Daewoo is a South Korean company owned by steel-maker POSCO. It is also one of a shrinking number of companies that have yet to cut out the use of Uzbekistan cotton, which is raised and harvested using forced labor, The (Portland, Ore.) Oregonian reported Wednesday.
The letter posted online includes 141 signatures. It describes the death of an 18-year-old cotton picker named Navruz Muyzinov, who was working in his mothers stead, but left the cotton fields before he had picked his quota for the day, because he was feeling ill.
On his way home, he was confronted by two police officers, who quarreled with Muyzinov and then beat him so severely he died in a hospital that evening.
Under threat of expulsion from school, loss of jobs and deprivation of public benefits, Uzbek dictator Islam Karimov has for decades forced millions of people to work to work picking cotton, including children, The Oregonian said.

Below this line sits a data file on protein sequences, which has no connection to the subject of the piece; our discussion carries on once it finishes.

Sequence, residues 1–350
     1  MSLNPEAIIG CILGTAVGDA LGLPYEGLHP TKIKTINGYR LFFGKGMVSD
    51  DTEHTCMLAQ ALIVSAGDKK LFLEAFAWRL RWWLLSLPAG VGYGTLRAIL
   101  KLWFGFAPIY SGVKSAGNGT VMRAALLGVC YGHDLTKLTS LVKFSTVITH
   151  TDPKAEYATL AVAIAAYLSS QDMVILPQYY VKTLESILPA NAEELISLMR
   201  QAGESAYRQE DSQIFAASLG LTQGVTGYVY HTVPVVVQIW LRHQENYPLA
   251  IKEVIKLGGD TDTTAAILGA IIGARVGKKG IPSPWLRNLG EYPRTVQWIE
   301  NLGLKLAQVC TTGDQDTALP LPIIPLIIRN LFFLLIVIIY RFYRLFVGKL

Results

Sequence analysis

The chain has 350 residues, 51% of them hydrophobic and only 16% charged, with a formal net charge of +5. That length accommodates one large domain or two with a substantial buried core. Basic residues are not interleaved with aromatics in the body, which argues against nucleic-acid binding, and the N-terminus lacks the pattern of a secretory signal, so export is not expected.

Nike, the newspaper said, buys only synthetic material from Daewoo, but continues to do business with the company.
"Nike claims to be a champion of human rights. But Nike's decision to protect Daewoo sends a dangerous message to other companies and damages the efforts of Uzbek citizens who have risked their lives to bring justice to Uzbekistan's cotton fields," said Ruslan Nurullaev, Human Rights Initiative Officer for AwarenessProjects.org.
Nike did not respond to a request for a comment, the newspaper said.